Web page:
Column: Attending my first Sundance Film Festival in PJs and slippers
The official logo for the 2021 Sundance Film Festival - courtesy of the Sundance Institute
It’s not everyday you get to attend one of the most prestigious festivals from the comfort of your own home. But in the wake of COVID-19 and the brutal reality that it’s not safe to gather in Park City, Utah (the usual home of the festival), the planners of the Sundance Film Festival (which took place January 28th through February 3rd) beamed over 70 new films - ranging from established filmmakers like Edgar Wright to directorial debuts from Ninja Thyberg - into the homes of festival goers across the globe. For once, everyone could attend Sundance simultaneously while staying in their PJs and slippers. You didn’t have to worry if there would be enough time to eat (though when you watch eight films in a day that can still prove challenging), stress about a screening selling out or coordinating how to get miles across the city in a matter of minutes. Like everything else in the world, Sundance looked vastly different, but that doesn’t mean the quality of content dipped.
In fact, Sian Header’s beautiful opening night film “Coda” was acquired by streamer Apple TV+ - after an intense bidding war with Amazon and Netflix - in a landmark, record setting deal worth north of $25 million (the previous record holder was “Palm Springs'' just last year, which recently earned a Golden Globe nomination for Best Picture - Musical or Comedy).
Festival standouts include the aforementioned “Coda,” which follows an aspiring teenage singer navigating life as the only member of her family who can hear (Coda stands for “Child of Deaf Adults''). “Coda” walked away with Sundance’s top honors including the Audience Award and Grand Jury Prize, which is the holy grail of festival awards. No word yet on Apple TV’s release plans, but they have a major, crowd-pleasing hit on their slate. Another must-see was Jonas Poher Rasmussen’s “Flee” - my personal favorite of the fest - an animated documentary that captured the story of Amin who immigrated from Afghanistan to Russia and eventually Denmark. Indie label NEON - who distributed 2020’s Best Picture winner “Parasite” - acquired the film after its rapturous opening night premiere.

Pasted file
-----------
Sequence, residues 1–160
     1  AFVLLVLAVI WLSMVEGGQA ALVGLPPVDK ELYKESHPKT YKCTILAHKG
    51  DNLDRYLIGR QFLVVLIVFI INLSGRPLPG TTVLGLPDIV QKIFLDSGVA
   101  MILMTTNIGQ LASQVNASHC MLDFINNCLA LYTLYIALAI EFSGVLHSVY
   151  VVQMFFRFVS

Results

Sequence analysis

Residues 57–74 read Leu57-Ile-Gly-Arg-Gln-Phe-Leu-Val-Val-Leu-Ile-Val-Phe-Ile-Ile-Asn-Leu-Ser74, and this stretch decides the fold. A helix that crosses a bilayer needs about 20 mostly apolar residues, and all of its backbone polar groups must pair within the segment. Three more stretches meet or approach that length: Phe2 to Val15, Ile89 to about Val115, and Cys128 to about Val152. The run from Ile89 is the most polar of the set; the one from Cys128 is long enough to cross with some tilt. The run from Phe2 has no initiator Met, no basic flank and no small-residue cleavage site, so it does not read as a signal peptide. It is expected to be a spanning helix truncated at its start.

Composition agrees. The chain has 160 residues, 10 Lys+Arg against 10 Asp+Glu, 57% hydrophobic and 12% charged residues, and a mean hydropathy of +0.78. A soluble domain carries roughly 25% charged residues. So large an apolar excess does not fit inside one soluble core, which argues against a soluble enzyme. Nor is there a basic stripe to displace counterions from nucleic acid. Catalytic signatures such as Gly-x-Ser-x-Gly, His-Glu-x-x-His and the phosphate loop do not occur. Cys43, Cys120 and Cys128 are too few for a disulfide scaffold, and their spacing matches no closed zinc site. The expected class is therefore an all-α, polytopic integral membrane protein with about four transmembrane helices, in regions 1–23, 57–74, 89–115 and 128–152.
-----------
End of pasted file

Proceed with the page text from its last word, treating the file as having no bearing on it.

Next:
Other buzzy titles include Ninja Thyberg’s “Pleasure,” a world drama that showcased the adult entertainment industry with a heightened sense of realism; Questlove’s award winning documentary surounding the 1969 Harlem culture fest: “Summer of Soul (Or When The Revolution Could Not Be Televised);” Sion Sono’s English langauge debut “Prisoners of the Ghostland” featuring an unhinged Nicolas Cage; Jerrod Carmichael’s “On The Count of Three,” a dark comedy where two best friends make a suicide pact; Edgar Wright’s witty “The Sparks Brothers” about the pop/rock duo Sparks; and Marilyn Agrelo’s “Street Gang: How We Got To Seasme Street,” an emotional documentary centered on the iconic children’s program.
Some of those titles already have distribution while others are currently looking. Part of the buzz around Sundance is how film buyers would gather in theater lobbies post screening and discuss pitch strategies because they saw a movie too good to resist. It’s where you heard about eleventh hour deals being hashed out over “Super Troopers,” “The Big Sick,” or “Sex, Lies, and Videotape.” But in the wake of COVID-19 and the uncertainty around moviegoing in the future, those conversations are happening less and less with plenty of Sundance titles stuck in limbo.
Still, this year’s historic Sundance Film Festival offered optimism on a silver platter in that it provided access to folks around the globe who, in normal circumstances, would have missed the festival. I can only imagine what my younger self would have done having this festival at his fingertips. Little did he know, the impossible was just a few short years away.
Below are my top 10 films screened at Sundance (for the record, I viewed 35 titles).
FLEE - picked up by NEON
PLEASURE - still seeking distribution
CODA - picked up by APPLE TV+
THE SPARKS BROTHERS - still seeking distribution
JUDAS AND THE BLACK MESSIAH - Warner Bros. releasing Feb 12th
ON THE COUNT OF THREE - still seeking distribution
MASS - still seeking distribution
COMING HOME IN THE DARK - still seeking distribution
SUMMER OF SOUL (OR WHEN THE REVOLUTION COULD NOT BE TELEVISED) - picked up by HULU/Searchlight/Disney
IN THE EARTH - picked up by NEON
Festival coverage can be found below
Day 1 - click here
Day 2 - click here
Day 3 - click here
Day 4 - click here
Judas and the Black Messiah - click here
Pleasure - click here
The Sparks Brothers - click here